Peter Hill leaving Oman Air – but not quite yet


Oman Air’s CEO, Peter Hill, is on the way out. The CEO was planning to retire during Sep-2011 but has agreed to delay his retirement for several months to allow the carrier to find and hire a replacement. In his three years at Oman Air, Mr Hill has shepherded the carrier though the difficult middle period of its five-year transformation strategy.

He will leave an airline that is far removed from the small regional player he joined in July-2008. Oman Air’s identity, network, fleet, product and long-term strategy have all developed dramatically over the period of his leadership.

Mr Hill stepped into a carrier undergoing the first stages of a deep transition. In mid-2007, Oman Air launched an ambitious new strategy to step up the scale and breadth of its operations, filling the void left by the departure of Gulf Air. The airline changed its business model from that of a short-haul regional carrier into a fully-fledged flag carrier with international aspirations.

By late 2007, it had commenced its long-haul international expansion, adding services to Bangkok and London late in the year and inducting widebody aircraft into its fleet for the first time. Since then, it has continued to expand and diversify its network and fleet. As more A330s came on board, the carrier added more destinations in Asia and Europe, additionally capitalising on the growing Middle East-Indian subcontinent market by adding destinations in India, Pakistan, Nepal, Bangladesh and Sri Lanka.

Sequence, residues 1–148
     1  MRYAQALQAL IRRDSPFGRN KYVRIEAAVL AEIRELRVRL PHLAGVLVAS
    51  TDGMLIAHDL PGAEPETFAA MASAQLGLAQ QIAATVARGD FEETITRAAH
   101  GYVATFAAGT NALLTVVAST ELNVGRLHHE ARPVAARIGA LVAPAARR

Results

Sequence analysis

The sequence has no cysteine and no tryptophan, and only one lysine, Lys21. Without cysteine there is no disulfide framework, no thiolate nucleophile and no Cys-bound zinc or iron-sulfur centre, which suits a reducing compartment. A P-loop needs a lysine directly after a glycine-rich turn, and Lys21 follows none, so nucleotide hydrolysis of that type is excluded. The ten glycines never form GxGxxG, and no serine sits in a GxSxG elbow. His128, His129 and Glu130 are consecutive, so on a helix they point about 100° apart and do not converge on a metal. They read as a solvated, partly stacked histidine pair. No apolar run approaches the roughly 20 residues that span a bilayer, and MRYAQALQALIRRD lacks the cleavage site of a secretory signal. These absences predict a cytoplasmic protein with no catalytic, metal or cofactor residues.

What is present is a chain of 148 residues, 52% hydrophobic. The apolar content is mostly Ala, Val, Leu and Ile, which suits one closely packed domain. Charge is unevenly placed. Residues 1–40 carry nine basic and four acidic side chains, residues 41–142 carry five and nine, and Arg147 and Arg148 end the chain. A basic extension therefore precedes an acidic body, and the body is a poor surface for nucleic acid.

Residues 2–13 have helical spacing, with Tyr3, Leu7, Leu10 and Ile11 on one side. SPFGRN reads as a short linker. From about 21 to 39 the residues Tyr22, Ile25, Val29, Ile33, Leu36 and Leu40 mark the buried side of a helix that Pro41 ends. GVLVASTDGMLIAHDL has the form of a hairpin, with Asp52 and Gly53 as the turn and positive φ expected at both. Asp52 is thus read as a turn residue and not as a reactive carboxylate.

Oman Air: Situation as of year-end 2008 vs year-end 2010


Year-end 2008

Year-end 2010

% Change













Load factor



+11.4 ppts

























The carrier has also diversified its Middle East regional strategy. In 2008 and 2009, it ordered more B737s for its regional network. Earlier this year, Oman Air inducted its first regional jets into its fleet for use on point-to-point destinations that were too large for its B737s. The carrier has also been looking at various other options for its short-haul fleet, such as converting four to five B737s to an all-economy configuration, a move pursued by Etihad Airways in late 2010 (as well as Gulf Air with its Gulf Traveller brand in 2003).

Oman Air will add another regional jet in 2012 and has another six B737s on order. It has also orders for six B787s, with deliveries due to commence from 2015.

During Mr Hill’s tenure as the head of Oman Air, the airline has added 15 routes and developed itself into a luxury-focussed “niche player” offering point-to-point service and high-frequency operations. While acknowledging the carrier cannot hope to compete with the likes of Emirates or Qatar Airways in terms of the breadth of its network, it has taken these carriers on in terms of on-board product and quality of service.

The carrier has introduced improved seats and better services and amenities in all cabins, but its premium cabins have seen special attention. The carrier has added lie-flat seats featuring new in-flight entertainment systems, as well as offering internet connectivity and mobile services. On the ground, its has added business and first class lounges at Muscat International Airport and some other airports, as well as other features such as complimentary chauffeur services and exclusive amenity kits for premium passengers.

The bottom line

While 2007 might have been a year of real strategic change for the carrier, it was also a disastrous one for its bottom line. Mr Hill inherited an airline that was headed for losses due to the extra costs associated with its ambitious expansion strategy, but these ballooned as the carrier suffered through the global financial crisis and record high oil prices.